Sports Biz with Darren Rovell

The Ultimate Draft Sleeper: Jared Veldheer

Sports agent Rick Smith of Priority Sports was teaching a seminar last year, when a guy approached him and asked him if he would be interested in taking a look at his brother—a Division II football player.

Offensive lineman Jared Veldheer of Hillsdale runs the 40 yard dash during the NFL Scouting Combine on February 27, 2010 in Indianapolis, Indiana.
Getty Images

No one could fault Smith, who has been in the business for 23 years, for saying what came out of his mouth next. “If he can play, the league will find him,” Smith told the guy.

Ninety nine out of 100 times the conversation would have ended there. But it didn’t because the guy’s brother just happened to be Jared Veldheer.

And when Smith viewed the tape of Veldheer, along with fellow agent Mike McCartney, they realized that not only was this guy good, he had the potential to be picked in the top half of the draft.

On paper, Jared Veldheer had all the credentials of being an NFL player—as in a 6-foot-8, 315 pound offensive tackle. But the stigma associated with being a Division II player is always tough to overcome. After all, the last player to have been drafted from his school, Hillsdale College in Hillsdale, Mich., was Nate Johnson, taken in the seventh round by the Steelers in 1980.

If Veldeer goes where he’s slotted to go—in the third round—he’ll be the draft’s most amazing story. Veldheer showed up at Hillsdale (enrollment of 1,300 students) looking to play on the football team, but his eye was on the books.

“I was on the pre-med track,” Veldeer said. “I wanted to go to medical school and be a surgeon.”

But a funny thing happened on the way to the operating room.

Veldeer was good. His domination against opponents got him an invite to the Texas vs. the Nation, a college senior all-star game that pits the top players from Texas against those that hail from every other state. It was there where Veldheer showed he could play against Division I talent.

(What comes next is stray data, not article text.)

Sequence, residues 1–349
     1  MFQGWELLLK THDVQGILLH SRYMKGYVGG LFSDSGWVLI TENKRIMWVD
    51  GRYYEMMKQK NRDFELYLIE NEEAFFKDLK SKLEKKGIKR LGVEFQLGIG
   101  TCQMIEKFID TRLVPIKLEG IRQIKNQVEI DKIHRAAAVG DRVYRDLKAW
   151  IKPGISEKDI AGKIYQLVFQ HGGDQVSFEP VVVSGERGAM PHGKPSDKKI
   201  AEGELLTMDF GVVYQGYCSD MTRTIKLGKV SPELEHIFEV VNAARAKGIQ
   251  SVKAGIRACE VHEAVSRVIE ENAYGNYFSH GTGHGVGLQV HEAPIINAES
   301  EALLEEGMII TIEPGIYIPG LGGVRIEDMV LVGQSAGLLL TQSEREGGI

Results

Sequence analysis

“At first the game seemed fast, but as the week of practices went on, I was able to more than keep up with what was coming at me,” Veldheer said.

The came the invite to the combine.

Smith sent Veldheer to D1 Sports Training in Nashville, where he honed his skills with Brad Hopkins, a 13-year NFL veteran at left tackle.

When Veldheer showed up in Indianapolis for the Combine, there was nothing Division II about him. He ran the fastest three-cone drill and 20-yard shuttles of all the offensive lineman and came in fourth in the 40-yard dash with a time of 5.09 seconds.

“When people slap the Division II label on you, you kind of play with a chip on your shoulder,” Veldheer said. “And that’s how I’ve played and how I’ve acted over the last couple months.”

And teams are serious about Veldheer—he has worked out in front of six teams, including the Giants, 49ers, Eagles and Broncos.

If Veldheer is selected in the third round, he won’t immediately be a rich man. Guaranteed money will fall somewhere in the $400,000 to $700,000 range, Smith said. But his story of getting drafted that high ahead of the likes of players from the biggest Division I schools will make up one of the draft’s best stories.

Veldheer said isn’t nervous for tonight. He’ll be surrounded by friends and family at his home in Grand Rapids, Mich.

“I have broad expectations,” Veldheer said. “It feels surreal, but the truth is I feel like I worked hard enough to be in this position right now.”

Questions?  Comments?